Enhancing outcomes through client-centered services amid war in Ukraine

March 28, 2024
Volunteers in Kyiv are sorting the humanitarian aid in a warehouse Photo credit: uainfo.org
Volunteers in Kyiv sorting through humanitarian aid materials in a warehouse. Photo credit: uainfo.org.

 In February 2022, Russia launched a war against Ukraine that still rages more than two years later. The full-scale invasion has fundamentally changed the lives and priorities of millions of Ukrainians. As we often see in war, individual health takes a backseat to more immediate concerns, such as safety and security. It is no different in Ukraine. Once a top priority of Ukrainians, health has been supplanted by the safety of themselves and their loved ones, donating to Ukraine’s armed forces, volunteering and finding ways to continue making a living amid war. 

War is also often devastating to local health care systems. In Ukraine, air raids, shelling, disrupted medical supply chains, thousands of injured soldiers and civilians, and more, further strain the health care system. Additionally, hospitals and other health facilities have been damaged by Russian attacks and bombings. Despite this, people still need regular health care, particularly those with medical conditions or diseases that require regimented, ongoing care and treatment, such as HIV. 

As of January 2024, 157,435 Ukrainians living with HIV tested positive and are on treatment. People like Oleksiy* who received a free HIV test from a social worker of PO Ukrainian Resource Center while on an outreach route in the frontline city Druzhkivka. During their conversation, Oleksiy revealed that lately he had symptoms such as tiredness and confusion. His test result was positive, as was his wife’s. 

“When we received positive tests, I felt despair, fear, anger, anxiety, and it seemed to me that my life could end at any moment. Now, thanks to the help of a social worker, we have started treatment and have hope for a normal life,” says Maria, Oleksiy’s wife.

Two women and a man stand outside of a building's entrance wearing winter jackets and boots.
Social worker is testing for HIV in Druzhkivka. Credit: PO Ukrainian Resource Center.

However, almost 100,000 people are not aware of their HIV status. Most people living with HIV in Ukraine are representatives of key populations, such as men who have sex with men, sex workers and people who inject drugs. HIV testing in these populations is difficult, requiring a constant search for fresh solutions and innovative approaches. Today, NGOs are finding success using a differentiated approach to service delivery.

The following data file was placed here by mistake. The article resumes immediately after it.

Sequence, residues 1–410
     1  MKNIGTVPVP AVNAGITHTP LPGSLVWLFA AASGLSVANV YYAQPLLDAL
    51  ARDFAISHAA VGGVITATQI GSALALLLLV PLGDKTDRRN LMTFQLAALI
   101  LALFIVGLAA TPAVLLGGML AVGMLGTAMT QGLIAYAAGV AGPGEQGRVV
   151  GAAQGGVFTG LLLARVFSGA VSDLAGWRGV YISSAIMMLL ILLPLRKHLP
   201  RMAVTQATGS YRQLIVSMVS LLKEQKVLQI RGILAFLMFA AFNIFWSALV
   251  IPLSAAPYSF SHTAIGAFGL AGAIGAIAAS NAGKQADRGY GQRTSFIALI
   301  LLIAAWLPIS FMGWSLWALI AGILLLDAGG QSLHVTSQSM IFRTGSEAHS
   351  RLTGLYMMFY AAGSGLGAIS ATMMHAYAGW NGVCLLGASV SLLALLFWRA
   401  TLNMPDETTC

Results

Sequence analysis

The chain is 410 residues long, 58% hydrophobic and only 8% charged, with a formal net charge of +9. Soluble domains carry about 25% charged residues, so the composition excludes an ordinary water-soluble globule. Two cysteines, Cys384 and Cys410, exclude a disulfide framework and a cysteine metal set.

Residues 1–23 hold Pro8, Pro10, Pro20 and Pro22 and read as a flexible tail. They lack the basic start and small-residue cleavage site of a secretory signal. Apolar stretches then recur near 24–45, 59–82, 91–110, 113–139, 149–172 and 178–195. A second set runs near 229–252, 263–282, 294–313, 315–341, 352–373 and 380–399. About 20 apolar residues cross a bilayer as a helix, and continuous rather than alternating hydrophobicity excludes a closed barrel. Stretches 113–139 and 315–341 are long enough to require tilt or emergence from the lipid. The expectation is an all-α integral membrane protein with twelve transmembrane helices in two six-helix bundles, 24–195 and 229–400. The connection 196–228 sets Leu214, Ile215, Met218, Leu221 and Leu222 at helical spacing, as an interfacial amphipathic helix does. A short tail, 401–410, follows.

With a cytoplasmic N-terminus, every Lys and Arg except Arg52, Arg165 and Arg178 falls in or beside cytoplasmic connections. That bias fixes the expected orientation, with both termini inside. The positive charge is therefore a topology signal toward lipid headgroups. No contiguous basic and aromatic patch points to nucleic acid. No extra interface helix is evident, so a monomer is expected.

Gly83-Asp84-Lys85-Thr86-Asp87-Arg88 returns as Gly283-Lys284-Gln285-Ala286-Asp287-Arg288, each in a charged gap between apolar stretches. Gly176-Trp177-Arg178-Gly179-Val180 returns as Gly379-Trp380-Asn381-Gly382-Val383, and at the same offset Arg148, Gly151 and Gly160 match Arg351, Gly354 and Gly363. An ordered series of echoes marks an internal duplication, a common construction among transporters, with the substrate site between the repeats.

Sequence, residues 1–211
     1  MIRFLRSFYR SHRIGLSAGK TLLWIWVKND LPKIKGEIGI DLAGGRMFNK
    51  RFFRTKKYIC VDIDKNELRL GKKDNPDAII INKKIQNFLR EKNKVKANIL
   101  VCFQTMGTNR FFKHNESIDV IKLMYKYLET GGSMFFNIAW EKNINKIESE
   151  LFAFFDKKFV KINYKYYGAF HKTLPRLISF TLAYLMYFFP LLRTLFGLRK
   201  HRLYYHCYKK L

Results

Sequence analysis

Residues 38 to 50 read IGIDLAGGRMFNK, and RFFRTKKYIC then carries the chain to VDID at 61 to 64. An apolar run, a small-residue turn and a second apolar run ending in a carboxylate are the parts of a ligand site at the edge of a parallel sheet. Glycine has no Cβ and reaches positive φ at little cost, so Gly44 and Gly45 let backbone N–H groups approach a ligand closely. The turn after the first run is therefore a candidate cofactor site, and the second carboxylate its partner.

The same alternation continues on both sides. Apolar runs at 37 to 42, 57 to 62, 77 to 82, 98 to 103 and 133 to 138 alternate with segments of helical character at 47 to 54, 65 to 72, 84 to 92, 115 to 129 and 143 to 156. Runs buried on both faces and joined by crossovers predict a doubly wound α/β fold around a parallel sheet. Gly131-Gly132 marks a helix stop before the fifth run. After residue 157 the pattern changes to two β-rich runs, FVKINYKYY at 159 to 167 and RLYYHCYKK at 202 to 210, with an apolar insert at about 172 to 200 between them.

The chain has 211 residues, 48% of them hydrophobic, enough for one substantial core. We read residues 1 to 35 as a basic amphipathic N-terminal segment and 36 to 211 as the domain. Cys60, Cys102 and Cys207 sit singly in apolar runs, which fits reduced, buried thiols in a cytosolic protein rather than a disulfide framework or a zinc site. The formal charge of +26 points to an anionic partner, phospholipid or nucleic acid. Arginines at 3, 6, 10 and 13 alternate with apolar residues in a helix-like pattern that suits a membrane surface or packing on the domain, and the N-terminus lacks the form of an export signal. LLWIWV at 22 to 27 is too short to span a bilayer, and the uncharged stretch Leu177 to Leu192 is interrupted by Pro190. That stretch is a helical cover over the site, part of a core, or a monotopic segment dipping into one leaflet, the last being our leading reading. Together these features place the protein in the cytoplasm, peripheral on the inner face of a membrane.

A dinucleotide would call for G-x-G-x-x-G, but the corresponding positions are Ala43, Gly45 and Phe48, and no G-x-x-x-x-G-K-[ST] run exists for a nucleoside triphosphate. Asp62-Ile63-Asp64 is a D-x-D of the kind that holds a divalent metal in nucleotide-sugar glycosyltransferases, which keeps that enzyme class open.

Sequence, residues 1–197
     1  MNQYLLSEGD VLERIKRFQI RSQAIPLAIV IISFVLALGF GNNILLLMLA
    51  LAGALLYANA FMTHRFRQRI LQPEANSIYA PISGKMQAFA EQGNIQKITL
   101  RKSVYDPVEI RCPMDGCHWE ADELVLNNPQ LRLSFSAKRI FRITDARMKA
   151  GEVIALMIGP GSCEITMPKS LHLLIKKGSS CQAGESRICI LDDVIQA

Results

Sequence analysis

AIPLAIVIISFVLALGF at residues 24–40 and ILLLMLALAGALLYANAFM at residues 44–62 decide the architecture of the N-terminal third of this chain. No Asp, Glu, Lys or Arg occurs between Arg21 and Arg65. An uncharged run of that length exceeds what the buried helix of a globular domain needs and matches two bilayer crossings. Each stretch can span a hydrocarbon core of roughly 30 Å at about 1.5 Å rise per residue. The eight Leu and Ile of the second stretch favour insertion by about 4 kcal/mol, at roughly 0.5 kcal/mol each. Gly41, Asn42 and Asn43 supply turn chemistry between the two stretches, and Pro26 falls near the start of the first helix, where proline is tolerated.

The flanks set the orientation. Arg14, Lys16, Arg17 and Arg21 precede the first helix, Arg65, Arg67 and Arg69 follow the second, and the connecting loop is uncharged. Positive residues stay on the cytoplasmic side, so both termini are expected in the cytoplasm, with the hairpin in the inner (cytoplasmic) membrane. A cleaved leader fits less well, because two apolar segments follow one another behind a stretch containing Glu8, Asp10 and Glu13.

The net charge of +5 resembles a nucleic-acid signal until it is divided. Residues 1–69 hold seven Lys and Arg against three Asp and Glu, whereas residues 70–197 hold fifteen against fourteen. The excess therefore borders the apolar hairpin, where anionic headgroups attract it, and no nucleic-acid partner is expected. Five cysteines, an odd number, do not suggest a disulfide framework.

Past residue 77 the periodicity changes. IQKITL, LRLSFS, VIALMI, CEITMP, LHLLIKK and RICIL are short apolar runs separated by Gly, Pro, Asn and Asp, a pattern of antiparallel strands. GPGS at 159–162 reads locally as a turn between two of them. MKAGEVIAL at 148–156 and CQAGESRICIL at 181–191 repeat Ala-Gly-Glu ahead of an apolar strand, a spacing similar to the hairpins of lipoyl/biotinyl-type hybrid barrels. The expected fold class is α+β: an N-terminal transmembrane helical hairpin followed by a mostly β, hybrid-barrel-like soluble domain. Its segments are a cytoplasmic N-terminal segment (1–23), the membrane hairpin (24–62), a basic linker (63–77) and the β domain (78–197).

Differentiated service delivery  

A differentiated service delivery (DSD) approach is client-centered and reflects the client’s preferences and needs. With HIV testing, it allows nongovernmental organizations to choose personalized formats of interaction and consultation for each client. For example, to find a common language with men who have sex with men, social workers provide more online counseling and visit safe spaces identified by the men. For sex workers, social workers meet them in apartments, bars or nightclubs. 

The World Health Organization has recommended DSD for HIV services since 2015. Analysis and experience from countries that have implemented DSD as demonstrated by The International AIDS Society shows that this approach may enhance client outcomes, reduce the burden on the health system, improve system effectiveness and refocus resources to those most in need. 

For the first time in Ukraine, the Community Action for HIV Control project, funded by USAID and led by Pact together with partners FHI 360 and AFEW-Ukraine, is implementing this approach with 17 partner NGOs in 15 regions of Ukraine and Kyiv city. With technical assistance from FHI 360 we have developed more than 50 DSD models to create “portraits” of key populations and make their path to HIV testing and treatment even easier. 

From April 2022 to March 2024, 80,076 people got tested and 1,977 were positive. More than 70% were from key populations. This makes up a 12% contribution to the general HIV case finding in regions where the project is implemented during the second project year.

HIV testing in Kryvyi Rih. Credit: CO 100 Percent of Life. Dniprov region.

The first thing that nongovernmental organizations analyze when developing DSD models is the lifestyle of key populations in the region, such as places where they gather or where they can comfortably communicate, convenient times for conversation and format. For example, in regions of Ukraine that are close to the front line, it is more effective to use outreach routes and interact with potential clients at their familiar places perhaps both for safety reasons and because most clients in the area are people who inject drugs who usually gather at specific locations. In Lviv, which is in the west of Ukraine, clients usually get their HIV test in an NGO office.